I have been listening to and watching some videos from legendary strength and conditioning coach Mike Boyle. Funny man. He says if a movement looks like dog [email protected] then it probably is, so you just gotta fix it if you don’t want to pile strength of top of dysfunction which is the classic train-injure-recover a bit- train – re injure cycle some of you may know. Anyway, he put up a slide which I suppose I already knew but when it was put the way it was put, it makes you think a little about your own body and why things may have happened the way they have. Basically from the ground up and in alternating order, your joints go like this. Feet stable, Ankles mobile, knees stable, hips mobile, lower back stable, mid back mobile (thoracic spine), shoulders stable, mid neck mobile and neck stable. If you have a lack of mobility in one of the mobile joints, you will likely have a pain or problem in the joint just above or sometimes below. If you have too much movement in a joint that should be stable (e.g. lower back) then you also will likely have problems. I know it has been true for me when I think about my mid back and the recurring issues I have had there, both above and below. Both Mike Boyle and Gray Cook have elaborated greatly on this and it is not necessarily as simple as I just presented it, but as a starting point can get you thinking more about the […]
I posted last week about the Biggest Loser. The myths and misconceptions continue unabated and yeah I’m still watching….. But just so we are clear. Don’t try to trade off calories on the treadmill for the extra 20-30kgs you are wearing. You don’t have enough time to do this and you will be bored before you even burn up the proverbial drop in the ocean and or get injured in the process. So am I saying that calories don’t matter? Well Yes and No. Yes because what you think is a calorie probably isn’t and No because an excess of energy consumed WILL become stored fat. SO WHAT IS THE ANSWER THEN MR PERSONAL TRAINER!!! Don’t worry I can feel your frustration. But here it is in a nutshell- (keep in mind that these are general guidelines and may not suit your particular circumstances or need specific explanation. Consult with a professional to clarify what is right for you personally. We would be a good first contact!) Increase protein and reduce simple carbohydrate intake. Eat healthy fats. Eat a stack of vegetables always. Start moving more in general – even 4 dedicated sessions of training each week will amount to little for some genetically challenged souls when the other 98% of time is spent sitting (on the bus to work and on the seat at work all day and then on the bus again going home). Build core strength as a first priority then progress to functional strength (i.e. useful movement). After this aim to be progressive in your strength […]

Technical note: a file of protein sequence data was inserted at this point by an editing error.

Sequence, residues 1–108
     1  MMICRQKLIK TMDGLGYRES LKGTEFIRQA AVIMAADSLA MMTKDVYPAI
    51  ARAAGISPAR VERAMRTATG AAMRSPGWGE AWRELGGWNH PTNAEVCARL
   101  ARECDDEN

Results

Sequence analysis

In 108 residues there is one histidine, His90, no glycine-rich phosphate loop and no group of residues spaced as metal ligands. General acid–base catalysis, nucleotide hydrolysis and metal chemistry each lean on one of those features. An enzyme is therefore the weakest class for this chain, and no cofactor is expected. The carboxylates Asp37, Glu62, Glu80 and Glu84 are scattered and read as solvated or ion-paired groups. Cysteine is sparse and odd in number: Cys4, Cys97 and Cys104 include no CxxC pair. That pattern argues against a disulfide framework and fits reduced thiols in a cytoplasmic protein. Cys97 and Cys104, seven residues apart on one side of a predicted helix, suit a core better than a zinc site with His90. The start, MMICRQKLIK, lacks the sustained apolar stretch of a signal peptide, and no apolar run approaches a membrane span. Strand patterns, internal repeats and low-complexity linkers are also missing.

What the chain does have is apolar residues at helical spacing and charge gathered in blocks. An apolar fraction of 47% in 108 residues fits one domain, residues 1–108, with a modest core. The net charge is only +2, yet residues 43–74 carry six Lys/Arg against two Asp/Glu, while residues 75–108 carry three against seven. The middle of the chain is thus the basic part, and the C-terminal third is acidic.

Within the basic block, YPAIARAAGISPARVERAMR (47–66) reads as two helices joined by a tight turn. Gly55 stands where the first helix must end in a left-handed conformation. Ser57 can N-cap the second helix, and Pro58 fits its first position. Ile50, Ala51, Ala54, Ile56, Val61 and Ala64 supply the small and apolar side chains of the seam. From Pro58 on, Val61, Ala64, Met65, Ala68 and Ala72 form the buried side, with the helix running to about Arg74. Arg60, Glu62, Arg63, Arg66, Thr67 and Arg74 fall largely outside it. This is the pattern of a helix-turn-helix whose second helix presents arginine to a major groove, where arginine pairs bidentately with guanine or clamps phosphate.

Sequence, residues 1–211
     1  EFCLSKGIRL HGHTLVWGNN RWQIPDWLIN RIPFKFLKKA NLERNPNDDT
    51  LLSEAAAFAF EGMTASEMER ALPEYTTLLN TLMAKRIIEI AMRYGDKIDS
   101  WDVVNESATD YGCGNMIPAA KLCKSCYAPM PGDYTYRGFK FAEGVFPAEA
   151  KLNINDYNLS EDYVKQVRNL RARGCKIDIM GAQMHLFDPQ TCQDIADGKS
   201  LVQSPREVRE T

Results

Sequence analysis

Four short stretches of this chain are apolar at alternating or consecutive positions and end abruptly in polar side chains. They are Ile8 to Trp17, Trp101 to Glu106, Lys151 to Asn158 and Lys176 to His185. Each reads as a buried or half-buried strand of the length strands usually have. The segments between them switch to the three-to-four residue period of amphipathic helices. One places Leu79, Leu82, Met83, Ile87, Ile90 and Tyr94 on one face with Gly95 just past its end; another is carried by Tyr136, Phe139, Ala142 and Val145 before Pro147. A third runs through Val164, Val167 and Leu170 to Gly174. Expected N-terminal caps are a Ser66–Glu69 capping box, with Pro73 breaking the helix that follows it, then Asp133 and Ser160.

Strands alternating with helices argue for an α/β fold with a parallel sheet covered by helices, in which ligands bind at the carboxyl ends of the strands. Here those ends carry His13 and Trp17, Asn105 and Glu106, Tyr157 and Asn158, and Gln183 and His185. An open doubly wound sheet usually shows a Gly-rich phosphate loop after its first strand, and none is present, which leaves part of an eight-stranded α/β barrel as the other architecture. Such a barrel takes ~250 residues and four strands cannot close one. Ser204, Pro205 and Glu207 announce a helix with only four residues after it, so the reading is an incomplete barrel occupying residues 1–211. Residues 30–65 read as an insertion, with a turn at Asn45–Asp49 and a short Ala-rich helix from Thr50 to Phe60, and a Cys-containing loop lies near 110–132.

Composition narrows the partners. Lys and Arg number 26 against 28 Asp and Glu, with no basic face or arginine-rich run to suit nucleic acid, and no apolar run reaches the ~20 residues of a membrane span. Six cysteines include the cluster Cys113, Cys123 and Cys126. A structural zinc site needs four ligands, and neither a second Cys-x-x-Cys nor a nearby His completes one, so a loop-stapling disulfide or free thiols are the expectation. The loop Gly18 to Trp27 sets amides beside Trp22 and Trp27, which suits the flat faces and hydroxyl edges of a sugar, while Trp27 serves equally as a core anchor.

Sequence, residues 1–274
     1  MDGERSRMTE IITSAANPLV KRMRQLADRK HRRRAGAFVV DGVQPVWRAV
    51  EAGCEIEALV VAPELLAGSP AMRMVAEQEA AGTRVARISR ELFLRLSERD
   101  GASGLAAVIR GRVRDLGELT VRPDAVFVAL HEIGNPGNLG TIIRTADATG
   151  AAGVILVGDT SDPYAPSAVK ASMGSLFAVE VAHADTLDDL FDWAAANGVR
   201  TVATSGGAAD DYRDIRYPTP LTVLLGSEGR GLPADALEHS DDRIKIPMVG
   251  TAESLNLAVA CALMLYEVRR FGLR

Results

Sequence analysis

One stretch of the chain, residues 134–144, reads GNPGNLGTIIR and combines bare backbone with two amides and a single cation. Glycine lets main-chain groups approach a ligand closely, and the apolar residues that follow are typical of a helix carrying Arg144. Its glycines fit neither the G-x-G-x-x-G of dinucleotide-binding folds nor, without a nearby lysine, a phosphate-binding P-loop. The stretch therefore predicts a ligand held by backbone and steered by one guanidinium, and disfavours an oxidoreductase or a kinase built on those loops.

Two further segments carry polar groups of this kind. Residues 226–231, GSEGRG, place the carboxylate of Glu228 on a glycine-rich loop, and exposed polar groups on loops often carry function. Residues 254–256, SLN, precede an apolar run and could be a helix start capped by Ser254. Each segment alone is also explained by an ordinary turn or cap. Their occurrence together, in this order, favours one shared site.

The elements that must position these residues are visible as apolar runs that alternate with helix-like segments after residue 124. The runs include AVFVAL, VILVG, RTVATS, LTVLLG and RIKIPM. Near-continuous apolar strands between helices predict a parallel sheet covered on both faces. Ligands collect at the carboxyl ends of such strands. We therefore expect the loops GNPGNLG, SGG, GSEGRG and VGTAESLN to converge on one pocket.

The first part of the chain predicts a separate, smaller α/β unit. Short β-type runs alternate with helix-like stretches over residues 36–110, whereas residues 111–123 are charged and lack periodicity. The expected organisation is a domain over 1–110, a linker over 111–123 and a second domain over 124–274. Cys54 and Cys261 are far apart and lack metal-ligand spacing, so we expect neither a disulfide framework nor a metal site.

Hi all, just letting you know that here at best practice we are continually trying to update and improve what we do. Case in point, the Functional Movement Screen. Whilst we have always done a comprehensive assessment for clients before training, this new system, used widely around the world now, is a very simple yet incisive tool for identifying weak links in the base moves we need to make in day to day living. All of us here are learning this system now and it will be part of our assessment process very soon. For existing clients expect to be put under the microscope soon and for new clients coming, look for the most comprehensive pre-program exercise assessment there is. This system was developed by renowned physical therapist, Gray Cook. The beauty of it, is it’s simplicity and practicality. Have a glance at it here and let me know what you think. It is used widely by athlete conditioning coaches and is now becoming widespread in it’s use for the average person starting an exercise program.